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Hi Amplify Team,

Yes it is something we have considered.

Many refugees find it difficult to integrate into the Ugandan school system. The challenge of integrating into Ugandan schools constitutes unequal access to education and contributes to the drop out rate and the high percentage of out of school children.

Many refugee children are forced to repeat multiple years of school because they have to learn how to communicate in a new language of instruction and learn in a new curriculum - for example, refugee children from DR Congo must transition from a system where French is the language of instruction to the Ugandan system which uses English. A refugee child who was in secondary school but then has to start again in a primary school class with eight and nine year olds, is not being afforded equal access to education.

The fact that refugee children are forced to repeat years of school contributes to the drop out rate and the high percentage of out of school children. Some refugee children who are forced down to lower grades of school get demoralised and drop out, others faced with the prospect of starting again near the beginning of primary school don't join and so remain out of school. So to some extent the bridging program contributes to addressing the challenge of giving children who are out of school a lifeline.

Out of school children and children who have dropped out are part of the target group but are not the only target group. All refugee children who have been learning in a different school system with a different language of instruction for at least three years, need some sort of bridging program in order to integrate into school at an equal level.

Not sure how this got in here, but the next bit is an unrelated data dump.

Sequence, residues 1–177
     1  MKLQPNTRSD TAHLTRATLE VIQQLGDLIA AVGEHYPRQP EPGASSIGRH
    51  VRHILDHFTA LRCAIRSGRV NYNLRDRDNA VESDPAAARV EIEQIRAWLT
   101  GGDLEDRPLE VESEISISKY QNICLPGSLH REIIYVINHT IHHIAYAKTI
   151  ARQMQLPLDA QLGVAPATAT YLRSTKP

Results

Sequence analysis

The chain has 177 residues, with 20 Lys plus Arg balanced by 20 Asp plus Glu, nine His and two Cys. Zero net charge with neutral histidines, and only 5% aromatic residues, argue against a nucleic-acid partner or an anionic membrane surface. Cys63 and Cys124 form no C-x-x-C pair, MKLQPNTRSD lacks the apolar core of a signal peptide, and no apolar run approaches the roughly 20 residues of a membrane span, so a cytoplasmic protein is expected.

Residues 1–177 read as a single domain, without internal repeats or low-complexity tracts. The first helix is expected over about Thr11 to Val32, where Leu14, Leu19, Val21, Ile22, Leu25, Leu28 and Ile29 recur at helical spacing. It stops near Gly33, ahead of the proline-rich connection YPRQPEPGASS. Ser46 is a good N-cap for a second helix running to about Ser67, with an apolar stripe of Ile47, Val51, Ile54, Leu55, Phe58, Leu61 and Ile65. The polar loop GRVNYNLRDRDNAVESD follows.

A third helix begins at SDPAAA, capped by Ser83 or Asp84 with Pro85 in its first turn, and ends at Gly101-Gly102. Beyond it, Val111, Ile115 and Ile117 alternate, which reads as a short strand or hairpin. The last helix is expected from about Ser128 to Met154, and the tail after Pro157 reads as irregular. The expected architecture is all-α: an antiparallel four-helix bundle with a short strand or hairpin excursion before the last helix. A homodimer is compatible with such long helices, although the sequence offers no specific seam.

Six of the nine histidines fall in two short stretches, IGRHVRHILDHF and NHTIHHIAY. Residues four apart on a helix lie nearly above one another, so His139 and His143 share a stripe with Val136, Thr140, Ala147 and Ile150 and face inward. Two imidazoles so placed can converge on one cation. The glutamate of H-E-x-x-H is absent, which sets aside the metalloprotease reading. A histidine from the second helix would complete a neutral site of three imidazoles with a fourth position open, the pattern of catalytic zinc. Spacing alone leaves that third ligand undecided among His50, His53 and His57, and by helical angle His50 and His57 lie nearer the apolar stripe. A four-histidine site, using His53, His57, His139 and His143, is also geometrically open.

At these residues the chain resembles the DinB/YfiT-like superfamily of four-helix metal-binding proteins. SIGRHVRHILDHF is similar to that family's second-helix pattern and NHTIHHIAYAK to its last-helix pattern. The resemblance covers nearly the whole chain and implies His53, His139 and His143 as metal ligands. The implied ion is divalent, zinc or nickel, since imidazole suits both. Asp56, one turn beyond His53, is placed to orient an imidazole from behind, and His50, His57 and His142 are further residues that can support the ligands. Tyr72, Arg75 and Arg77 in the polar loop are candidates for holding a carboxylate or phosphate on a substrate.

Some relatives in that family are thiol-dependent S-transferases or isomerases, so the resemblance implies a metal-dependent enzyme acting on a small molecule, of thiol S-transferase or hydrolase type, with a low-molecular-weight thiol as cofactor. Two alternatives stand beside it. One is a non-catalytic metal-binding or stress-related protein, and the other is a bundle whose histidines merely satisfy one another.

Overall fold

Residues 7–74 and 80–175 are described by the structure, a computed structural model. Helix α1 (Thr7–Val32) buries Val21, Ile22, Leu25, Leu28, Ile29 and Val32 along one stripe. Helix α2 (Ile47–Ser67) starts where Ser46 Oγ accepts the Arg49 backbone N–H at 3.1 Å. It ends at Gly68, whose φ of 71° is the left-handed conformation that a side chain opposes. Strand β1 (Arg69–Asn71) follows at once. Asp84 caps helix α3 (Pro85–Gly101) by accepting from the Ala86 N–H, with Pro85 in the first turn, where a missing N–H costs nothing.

Stephen

Hi Robert,

One more comment from me. I know that in New Zealand when refugees arrive through the UNHCR resettlement programme, they stay in a Reception Centre for six weeks, and there the children learn about school in New Zealand and learn some English - this helps them adjust to the New Zealand school system. Then once they are at school, many schools have English support programmes and sometimes there are staff who have the specific responsibility of caring for students who are former refugees. I mention all this because I think there is huge potential to learn from best practices developed in countries like New Zealand. Of course the resources available are different between New Zealand and Uganda, but the basic need for a bridge to formal schooling is the same. I know when Xavier Project started running English Courses for refugee children, we borrowed a bit from the similar courses in New Zealand, and it seemed to work pretty well.

Also, a couple of weeks ago I was speaking with a teacher at a New Zealand school, who is responsible for the students who are former refugees, and she noted the huge difference between the students who came as refugees through UNHCR resettlement and studied at the Reception Centre, and the students who came as migrants but from poor backgrounds and with little English (some children from Tonga and Samoa for instance) - the students who had been through the Reception Centre adjusted much better.

Robert, I think this is a very important and much needed idea.

Yes, absolutely. That's my favourite part of the idea.